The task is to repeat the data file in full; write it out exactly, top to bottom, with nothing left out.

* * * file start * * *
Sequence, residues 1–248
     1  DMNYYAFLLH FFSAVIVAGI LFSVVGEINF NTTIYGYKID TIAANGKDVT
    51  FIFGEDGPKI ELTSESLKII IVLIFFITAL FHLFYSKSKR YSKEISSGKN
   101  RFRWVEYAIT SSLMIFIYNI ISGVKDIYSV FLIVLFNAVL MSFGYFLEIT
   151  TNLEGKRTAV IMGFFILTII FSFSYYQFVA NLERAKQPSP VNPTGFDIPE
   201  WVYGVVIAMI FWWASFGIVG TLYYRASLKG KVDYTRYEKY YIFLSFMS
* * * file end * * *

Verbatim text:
Sequence, residues 1–248
     1  DMNYYAFLLH FFSAVIVAGI LFSVVGEINF NTTIYGYKID TIAANGKDVT
    51  FIFGEDGPKI ELTSESLKII IVLIFFITAL FHLFYSKSKR YSKEISSGKN
   101  RFRWVEYAIT SSLMIFIYNI ISGVKDIYSV FLIVLFNAVL MSFGYFLEIT
   151  TNLEGKRTAV IMGFFILTII FSFSYYQFVA NLERAKQPSP VNPTGFDIPE
   201  WVYGVVIAMI FWWASFGIVG TLYYRASLKG KVDYTRYEKY YIFLSFMS